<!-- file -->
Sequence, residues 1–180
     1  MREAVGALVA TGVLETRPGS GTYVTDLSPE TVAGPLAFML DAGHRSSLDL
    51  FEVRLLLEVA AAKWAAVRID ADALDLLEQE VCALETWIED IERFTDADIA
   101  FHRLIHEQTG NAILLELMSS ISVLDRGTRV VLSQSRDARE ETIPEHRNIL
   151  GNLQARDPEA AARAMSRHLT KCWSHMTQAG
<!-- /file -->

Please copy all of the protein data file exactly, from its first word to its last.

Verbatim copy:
Sequence, residues 1–180
     1  MREAVGALVA TGVLETRPGS GTYVTDLSPE TVAGPLAFML DAGHRSSLDL
    51  FEVRLLLEVA AAKWAAVRID ADALDLLEQE VCALETWIED IERFTDADIA
   101  FHRLIHEQTG NAILLELMSS ISVLDRGTRV VLSQSRDARE ETIPEHRNIL
   151  GNLQARDPEA AARAMSRHLT KCWSHMTQAG